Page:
• Refrigerators, especially old ones or those in garages during the summer
  • Dehumidifiers, especially those in damp basements or crawlspaces
  • Space heaters
  • Frequently used Halogen lamps
  • Anything with a heater in it that gets used a lot
  • Entertainment centers (especially large screen TV’s)
  • Large stereo amplifiers that get used many hours a day
  • Large gaming computer rigs

You should also make note of the following light fixtures. Keep track of the wattage of the bulbs and the length of time they burn each day.

  • Outdoor lights, especially bright flood-lights
  • Common area lights that are on most of the time (kitchen, living/family room, hallways)

I’m going to stop here for the day. This is more than enough to get you started doing your own home electrical consumption audit. If you follow these suggestions, learn how to read your utility bills and figure out how much energy you’re using, you’re well on your way to lowering your electric bill, maybe substantially. So get cracking – the watts are-a-wasting.

Energy Efficiency 101 – What’s an energy audit?

If you’ve ever looked into energy efficiency, you’ve probably heard about energy audits. But what is an energy audit? What does it involves? Why should you get one? How much does it cost?

I’ll try to touch on all these topics, and more, in this posting, but if there’s anything I miss, please ask a question at “Ask Ted” and I’ll be sure to answer!

What is an energy audit?

This is a tough question to answer. The problem is, if you ask a bunch of us this question, you’ll get lots of different answers. It’s part of the problem – it’s become a marketing phrase that people put in their ads so they can sell you windows, insulation and other services.

So I’ll give you  my definition of an energy audit.

A proper energy audit is a bottom to top analysis of your home, inside and out. It’s kind of like a general physical for your home. The goal is to find how well constructed your home is from an energy, health and comfort perspective. Is it properly insulated? Is there any sign of water intrusion? How well are the heating and cooling systems installed? Are there drafts? Are the electric bills in line with expectations? How about other heating fuels (gas, propane or oil)?

A complete energy audit will usually include a blower-door test and a detailed thermal imaging (also called infrared) scan. I say usually, because sometimes the conditions aren’t appropriate for these tests. For example, during the spring and fall, the temperatures are usually too moderate for useful thermal imaging.

If it sounds like a pretty comprehensive analysis – it is! It typically takes me a minimum of three hours to go through the process on a small home and most of the time it’s a four-plus hour process. And to do it right, it can be pretty unpleasant.

In order to do an energy audit properly, every room and space in and around the house has to be visually inspected. That includes crawling around in the attic spaces, if they’re accessible and the basement and crawlspaces. In fact, on my jobs, I’ll spend more time in the attic and basement than anywhere else in the house because those areas have the most impact on the overall performance of your home.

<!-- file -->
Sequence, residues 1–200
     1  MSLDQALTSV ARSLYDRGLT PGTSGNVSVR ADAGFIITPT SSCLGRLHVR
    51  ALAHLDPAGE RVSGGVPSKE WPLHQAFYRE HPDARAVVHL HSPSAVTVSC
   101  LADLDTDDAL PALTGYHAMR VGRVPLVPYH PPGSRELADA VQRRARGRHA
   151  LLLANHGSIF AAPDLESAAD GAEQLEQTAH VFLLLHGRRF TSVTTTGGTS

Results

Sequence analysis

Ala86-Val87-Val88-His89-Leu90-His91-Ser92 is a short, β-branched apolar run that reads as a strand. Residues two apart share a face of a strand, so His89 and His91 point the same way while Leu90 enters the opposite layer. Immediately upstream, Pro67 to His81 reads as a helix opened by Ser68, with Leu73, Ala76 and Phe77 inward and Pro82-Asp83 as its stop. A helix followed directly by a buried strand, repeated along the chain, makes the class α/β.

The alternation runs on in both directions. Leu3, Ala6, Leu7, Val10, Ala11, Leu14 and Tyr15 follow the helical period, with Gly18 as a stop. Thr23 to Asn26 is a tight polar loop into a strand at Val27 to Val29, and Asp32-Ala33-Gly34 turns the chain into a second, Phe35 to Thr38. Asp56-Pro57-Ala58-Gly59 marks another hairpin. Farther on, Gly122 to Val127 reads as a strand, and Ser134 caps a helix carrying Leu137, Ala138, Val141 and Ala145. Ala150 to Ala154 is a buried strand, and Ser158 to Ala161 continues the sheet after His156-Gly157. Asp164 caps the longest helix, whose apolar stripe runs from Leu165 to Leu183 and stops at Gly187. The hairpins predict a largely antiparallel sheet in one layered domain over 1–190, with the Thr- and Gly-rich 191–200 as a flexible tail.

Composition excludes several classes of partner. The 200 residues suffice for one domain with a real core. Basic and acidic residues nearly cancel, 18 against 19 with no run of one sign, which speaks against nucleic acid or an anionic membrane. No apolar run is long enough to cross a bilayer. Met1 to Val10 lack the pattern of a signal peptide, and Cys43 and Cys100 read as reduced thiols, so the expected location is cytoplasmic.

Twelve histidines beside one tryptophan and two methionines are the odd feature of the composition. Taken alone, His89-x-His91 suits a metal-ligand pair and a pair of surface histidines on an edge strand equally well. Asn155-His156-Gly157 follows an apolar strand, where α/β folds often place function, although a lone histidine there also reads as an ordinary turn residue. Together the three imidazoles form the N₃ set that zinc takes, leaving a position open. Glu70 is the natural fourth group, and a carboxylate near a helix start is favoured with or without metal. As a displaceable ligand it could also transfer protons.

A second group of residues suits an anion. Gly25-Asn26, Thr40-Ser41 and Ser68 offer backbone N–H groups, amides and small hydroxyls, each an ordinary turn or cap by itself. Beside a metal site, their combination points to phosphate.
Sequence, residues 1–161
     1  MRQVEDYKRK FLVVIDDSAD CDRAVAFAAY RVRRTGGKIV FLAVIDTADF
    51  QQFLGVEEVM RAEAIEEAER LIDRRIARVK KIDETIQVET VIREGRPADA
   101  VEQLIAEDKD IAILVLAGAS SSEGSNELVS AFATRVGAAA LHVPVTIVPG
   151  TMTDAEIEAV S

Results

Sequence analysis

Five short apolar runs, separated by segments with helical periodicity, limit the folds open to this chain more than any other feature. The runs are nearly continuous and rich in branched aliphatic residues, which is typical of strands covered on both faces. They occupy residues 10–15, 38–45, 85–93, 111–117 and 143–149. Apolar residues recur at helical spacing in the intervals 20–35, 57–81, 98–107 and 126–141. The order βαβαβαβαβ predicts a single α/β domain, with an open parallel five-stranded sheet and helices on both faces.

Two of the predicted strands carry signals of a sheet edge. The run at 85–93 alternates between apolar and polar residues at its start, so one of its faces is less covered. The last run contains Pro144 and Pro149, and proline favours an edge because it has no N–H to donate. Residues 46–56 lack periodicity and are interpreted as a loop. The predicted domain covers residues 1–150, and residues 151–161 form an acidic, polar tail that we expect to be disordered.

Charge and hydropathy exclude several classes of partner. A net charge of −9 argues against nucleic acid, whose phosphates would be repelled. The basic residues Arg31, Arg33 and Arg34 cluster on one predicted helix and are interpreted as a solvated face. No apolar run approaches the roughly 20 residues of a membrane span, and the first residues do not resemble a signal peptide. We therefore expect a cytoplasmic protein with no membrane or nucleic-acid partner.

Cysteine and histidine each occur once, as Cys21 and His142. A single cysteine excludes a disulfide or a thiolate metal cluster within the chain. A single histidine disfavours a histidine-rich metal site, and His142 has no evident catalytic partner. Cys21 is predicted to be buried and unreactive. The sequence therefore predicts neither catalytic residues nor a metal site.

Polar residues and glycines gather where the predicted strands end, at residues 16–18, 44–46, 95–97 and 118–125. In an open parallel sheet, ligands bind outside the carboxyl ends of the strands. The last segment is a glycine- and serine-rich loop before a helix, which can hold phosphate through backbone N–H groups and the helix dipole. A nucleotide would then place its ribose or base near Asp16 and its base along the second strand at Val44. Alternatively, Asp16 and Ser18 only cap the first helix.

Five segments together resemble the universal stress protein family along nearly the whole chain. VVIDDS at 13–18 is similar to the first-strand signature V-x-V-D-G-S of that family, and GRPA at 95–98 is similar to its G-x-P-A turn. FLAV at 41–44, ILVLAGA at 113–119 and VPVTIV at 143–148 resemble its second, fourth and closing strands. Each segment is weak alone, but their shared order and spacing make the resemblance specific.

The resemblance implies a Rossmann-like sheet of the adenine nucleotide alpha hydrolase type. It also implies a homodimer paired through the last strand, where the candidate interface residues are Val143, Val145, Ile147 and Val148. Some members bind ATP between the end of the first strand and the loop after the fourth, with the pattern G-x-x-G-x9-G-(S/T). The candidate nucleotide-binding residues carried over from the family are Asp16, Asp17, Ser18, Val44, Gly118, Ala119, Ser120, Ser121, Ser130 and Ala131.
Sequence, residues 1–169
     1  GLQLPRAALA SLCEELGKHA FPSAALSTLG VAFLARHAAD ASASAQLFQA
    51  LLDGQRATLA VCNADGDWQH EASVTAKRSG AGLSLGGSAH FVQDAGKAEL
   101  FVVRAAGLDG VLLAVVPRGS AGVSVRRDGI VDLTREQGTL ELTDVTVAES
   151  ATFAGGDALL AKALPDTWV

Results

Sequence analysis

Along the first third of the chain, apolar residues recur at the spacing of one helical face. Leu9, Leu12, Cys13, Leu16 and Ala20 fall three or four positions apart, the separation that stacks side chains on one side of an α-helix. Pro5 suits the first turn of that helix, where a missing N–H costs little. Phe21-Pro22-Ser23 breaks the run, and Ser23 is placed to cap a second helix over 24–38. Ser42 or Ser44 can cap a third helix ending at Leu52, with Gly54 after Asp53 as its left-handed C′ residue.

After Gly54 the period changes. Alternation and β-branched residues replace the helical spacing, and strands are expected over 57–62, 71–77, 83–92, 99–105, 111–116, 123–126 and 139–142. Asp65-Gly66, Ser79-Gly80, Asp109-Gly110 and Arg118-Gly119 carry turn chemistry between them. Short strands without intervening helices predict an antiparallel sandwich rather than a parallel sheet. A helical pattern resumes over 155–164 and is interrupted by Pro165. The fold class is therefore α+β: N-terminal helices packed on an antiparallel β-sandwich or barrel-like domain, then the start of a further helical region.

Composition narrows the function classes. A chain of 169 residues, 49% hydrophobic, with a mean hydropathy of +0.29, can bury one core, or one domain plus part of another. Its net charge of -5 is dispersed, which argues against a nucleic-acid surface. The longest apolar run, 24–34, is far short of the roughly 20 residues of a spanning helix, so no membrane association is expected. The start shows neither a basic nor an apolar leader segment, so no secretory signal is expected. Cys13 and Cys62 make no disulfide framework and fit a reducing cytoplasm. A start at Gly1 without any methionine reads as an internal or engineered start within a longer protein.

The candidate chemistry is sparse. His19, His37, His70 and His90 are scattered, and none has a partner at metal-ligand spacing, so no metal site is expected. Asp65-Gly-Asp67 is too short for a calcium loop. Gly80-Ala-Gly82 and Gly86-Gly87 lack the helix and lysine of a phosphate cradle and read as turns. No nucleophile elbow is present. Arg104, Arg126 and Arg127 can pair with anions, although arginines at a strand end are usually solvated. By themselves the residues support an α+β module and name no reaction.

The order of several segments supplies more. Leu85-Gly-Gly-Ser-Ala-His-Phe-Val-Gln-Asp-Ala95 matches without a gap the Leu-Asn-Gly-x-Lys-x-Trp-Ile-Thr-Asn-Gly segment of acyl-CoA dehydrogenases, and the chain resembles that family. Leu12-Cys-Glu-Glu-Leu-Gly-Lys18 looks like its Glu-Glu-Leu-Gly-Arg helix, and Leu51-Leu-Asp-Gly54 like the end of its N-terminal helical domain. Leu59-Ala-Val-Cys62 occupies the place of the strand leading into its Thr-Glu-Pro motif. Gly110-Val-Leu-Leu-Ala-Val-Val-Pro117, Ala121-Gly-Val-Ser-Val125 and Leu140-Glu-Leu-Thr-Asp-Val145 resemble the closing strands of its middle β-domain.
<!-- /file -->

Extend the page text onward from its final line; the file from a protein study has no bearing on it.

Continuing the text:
What’s NOT an energy audit?

A warning – there are a lot of unscrupulous contractors advertising energy audits for free or for a very low cost, like $99-$199. They do this because they’re trying to sell you something, usually windows, insulation or a new heating system. This is like going to the brake shop and asking them to tell you if you need new brakes for your car. Of course you do! If you don’t get new brakes, you and your family’s life will be in danger! Blah, blah, blah.

So if some guy (they’re almost always guys) with a green business card tries to sell you on a cheap energy audit, send them packing. There’s virtually no chance that they’re going to do a proper job or even have the equipment to do a proper job. And they certainly won’t have the training or background.

Here are some things to look for when you’re interviewing people/companies to do an energy audit:

  • How long have they been doing this type of work?
  • How many homes have they analyzed?
  • Is this their primary line of work?
  • What organizations are they part of?
  • Do they profit by selling the work they recommend?
  • Can they send you a real sample report they’ve done for someone else?
  • Can they provide a half dozen references?

I would be particularly sensitive to whether this is their primary line of work and whether they’re getting kickbacks for selling you other services, for obvious reasons.

Note that, on occasion, contractors did give me money for sending clients their way as a way of thanking me. But it wasn’t a formal arrangement – it’s not like I only sent work their way because they were paying me. I provided my clients with a list of several contractors whom I knew to do high quality work. You’ll have to play this one by ear. You’ll know pretty quickly whether you can trust your auditor.

Also, insist on getting a sample report from a real client. If they make noises about not being able to do so because of privacy, scratch them off your list. We’re not lawyers or doctors – who cares if somebody sees your energy audit report? How hard is it to remove someone’s name and address from a report? If they’re not willing to go that far to win your business, how hard are they going to work once you hire them?